The record will show that these people in coming out here the history of HUD and these people is to destroy. Any place they have been involved before, go to Detroit, go to any of the cities and see what they have done. In my opinion, they have destroyed. Why don't they take the money back there and build rather than move into another area and take 75 units, houses, private homes off the market and was not presented to the people of this community.

We find that when he spoke of "these people" Commissioner Kelly was referring to black people. We further find that Mr. Kelly was equating non-Birmingham residents with minorities and that his objection to the 80% suggestion was based on his opposition to increasing the number of black people living in Birmingham.

On October 31, 1977, the City Commission discussed the renewal of the Baldwin House contract and tentatively agreed to a nine-month extension. One week later, November 7, 1977, a group of 75 to 100 Birmingham residents led by Nancy Elby attended the Commission meeting. Part of the group became hostile and repeatedly interrupted Commissioners who tried to speak. They expressed their strong opposition to the construction of any family housing in Birmingham. They stated their concern about "those people" coming to Birmingham. They contended that construction of family housing would harm the City's neighborhoods and reduce property values. We find that when the group led by Nancy Elby referred to "those people," they were referring to black people. There is no doubt that the Commissioners present at the November 7 meeting knew that the opposition to construction of family housing was based in part on race.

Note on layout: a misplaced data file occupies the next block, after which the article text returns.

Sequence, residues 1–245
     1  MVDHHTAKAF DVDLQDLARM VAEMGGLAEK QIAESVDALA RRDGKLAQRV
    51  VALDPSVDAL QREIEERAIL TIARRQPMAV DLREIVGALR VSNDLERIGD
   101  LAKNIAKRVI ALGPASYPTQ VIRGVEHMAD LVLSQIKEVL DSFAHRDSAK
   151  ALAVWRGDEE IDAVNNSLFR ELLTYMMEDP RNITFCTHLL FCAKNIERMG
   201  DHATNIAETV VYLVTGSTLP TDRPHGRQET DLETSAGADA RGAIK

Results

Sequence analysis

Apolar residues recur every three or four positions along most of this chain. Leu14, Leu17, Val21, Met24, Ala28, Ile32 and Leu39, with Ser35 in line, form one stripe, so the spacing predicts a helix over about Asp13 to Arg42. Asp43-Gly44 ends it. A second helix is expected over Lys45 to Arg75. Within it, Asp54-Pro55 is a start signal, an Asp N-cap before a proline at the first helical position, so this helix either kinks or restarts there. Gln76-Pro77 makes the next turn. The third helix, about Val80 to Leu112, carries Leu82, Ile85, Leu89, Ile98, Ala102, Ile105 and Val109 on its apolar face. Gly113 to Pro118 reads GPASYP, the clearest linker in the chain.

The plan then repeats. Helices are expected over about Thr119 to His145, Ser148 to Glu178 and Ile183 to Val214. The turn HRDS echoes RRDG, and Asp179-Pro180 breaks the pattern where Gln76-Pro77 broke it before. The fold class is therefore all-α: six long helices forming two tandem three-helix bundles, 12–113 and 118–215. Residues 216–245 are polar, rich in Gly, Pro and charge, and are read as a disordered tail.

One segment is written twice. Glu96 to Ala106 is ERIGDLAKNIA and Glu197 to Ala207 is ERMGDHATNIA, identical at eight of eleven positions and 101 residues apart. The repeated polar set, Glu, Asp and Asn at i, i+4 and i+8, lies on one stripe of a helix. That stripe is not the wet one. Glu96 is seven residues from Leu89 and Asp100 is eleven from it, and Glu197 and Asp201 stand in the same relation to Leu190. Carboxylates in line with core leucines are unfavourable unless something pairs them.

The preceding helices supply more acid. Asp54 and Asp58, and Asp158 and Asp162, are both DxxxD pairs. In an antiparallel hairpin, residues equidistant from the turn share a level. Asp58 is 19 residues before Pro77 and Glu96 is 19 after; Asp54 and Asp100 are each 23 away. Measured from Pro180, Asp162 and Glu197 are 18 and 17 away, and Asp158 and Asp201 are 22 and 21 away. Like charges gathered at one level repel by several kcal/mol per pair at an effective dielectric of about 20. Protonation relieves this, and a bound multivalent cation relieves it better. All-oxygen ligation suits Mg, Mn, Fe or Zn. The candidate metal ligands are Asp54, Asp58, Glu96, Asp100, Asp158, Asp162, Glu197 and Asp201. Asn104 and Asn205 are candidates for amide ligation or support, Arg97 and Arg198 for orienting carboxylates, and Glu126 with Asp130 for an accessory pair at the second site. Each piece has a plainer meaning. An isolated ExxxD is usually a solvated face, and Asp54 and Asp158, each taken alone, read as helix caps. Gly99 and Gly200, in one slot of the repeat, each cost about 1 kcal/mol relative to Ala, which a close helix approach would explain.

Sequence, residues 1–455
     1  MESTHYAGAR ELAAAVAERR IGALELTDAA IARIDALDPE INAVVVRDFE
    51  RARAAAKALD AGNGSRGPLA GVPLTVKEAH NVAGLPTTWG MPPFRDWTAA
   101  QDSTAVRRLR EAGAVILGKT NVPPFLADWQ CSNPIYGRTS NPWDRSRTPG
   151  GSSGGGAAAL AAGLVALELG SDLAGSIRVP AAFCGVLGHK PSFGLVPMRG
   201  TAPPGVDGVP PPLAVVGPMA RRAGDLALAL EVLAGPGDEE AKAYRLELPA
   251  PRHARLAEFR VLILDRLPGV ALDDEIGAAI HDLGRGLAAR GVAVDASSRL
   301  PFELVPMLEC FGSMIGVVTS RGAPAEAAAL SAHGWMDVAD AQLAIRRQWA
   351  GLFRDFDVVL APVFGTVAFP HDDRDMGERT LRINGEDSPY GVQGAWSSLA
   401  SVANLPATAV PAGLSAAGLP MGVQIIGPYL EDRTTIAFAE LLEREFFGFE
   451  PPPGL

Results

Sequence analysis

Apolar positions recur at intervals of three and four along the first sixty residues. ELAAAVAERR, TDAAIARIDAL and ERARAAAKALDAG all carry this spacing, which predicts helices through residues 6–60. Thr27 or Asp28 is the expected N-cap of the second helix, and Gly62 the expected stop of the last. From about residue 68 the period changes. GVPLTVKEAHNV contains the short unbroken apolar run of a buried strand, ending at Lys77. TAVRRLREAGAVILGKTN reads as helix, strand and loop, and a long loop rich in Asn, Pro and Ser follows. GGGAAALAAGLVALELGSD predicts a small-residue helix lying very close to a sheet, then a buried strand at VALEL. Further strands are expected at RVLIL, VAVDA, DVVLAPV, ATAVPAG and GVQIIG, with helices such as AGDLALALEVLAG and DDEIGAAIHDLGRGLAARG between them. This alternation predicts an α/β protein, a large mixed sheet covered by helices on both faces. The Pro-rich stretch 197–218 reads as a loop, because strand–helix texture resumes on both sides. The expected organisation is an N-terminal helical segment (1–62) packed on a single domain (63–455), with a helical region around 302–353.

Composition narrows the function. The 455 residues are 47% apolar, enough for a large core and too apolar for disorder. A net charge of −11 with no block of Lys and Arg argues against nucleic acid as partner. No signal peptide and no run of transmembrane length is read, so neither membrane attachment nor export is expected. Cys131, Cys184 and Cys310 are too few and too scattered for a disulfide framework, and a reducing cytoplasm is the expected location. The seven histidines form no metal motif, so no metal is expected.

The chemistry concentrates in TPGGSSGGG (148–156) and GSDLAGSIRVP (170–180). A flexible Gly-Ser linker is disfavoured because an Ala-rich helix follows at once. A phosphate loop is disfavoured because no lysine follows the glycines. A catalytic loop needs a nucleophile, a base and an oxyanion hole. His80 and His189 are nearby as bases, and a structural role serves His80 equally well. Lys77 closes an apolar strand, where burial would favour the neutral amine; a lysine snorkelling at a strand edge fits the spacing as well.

Residents who opposed the Baldwin House proposal attended every Commission meeting between November 1977 and April 1978. At the November 28, 1977 Commission meeting, Nancy Elby presented a petition, signed by a number of Birmingham residents. The group insisted that plans to build family housing be discarded and that the City conduct an advisory referendum on the Baldwin House proposal. The group also insisted that the Commission defer further consideration of the tentative agreement to extend the Baldwin House contract until after the referendum. The group stated several reasons for its opposition. The most often-mentioned reason was the fear that construction of low-income housing might lower property values. Others voiced resentment over the intrusion into local affairs by state and federal governments. At trial, although she declined to speculate on their motivation, Commissioner Ann Dropiewski did believe that some of the concerns expressed "could well be interpreted by many to include that of racial discrimination." She testified that after the meeting, she asked Nancy Elby to be "careful" with the issue of low-income housing because she believed others could *825 conclude that Ms. Elby was motivated by a desire to exclude black people from Birmingham.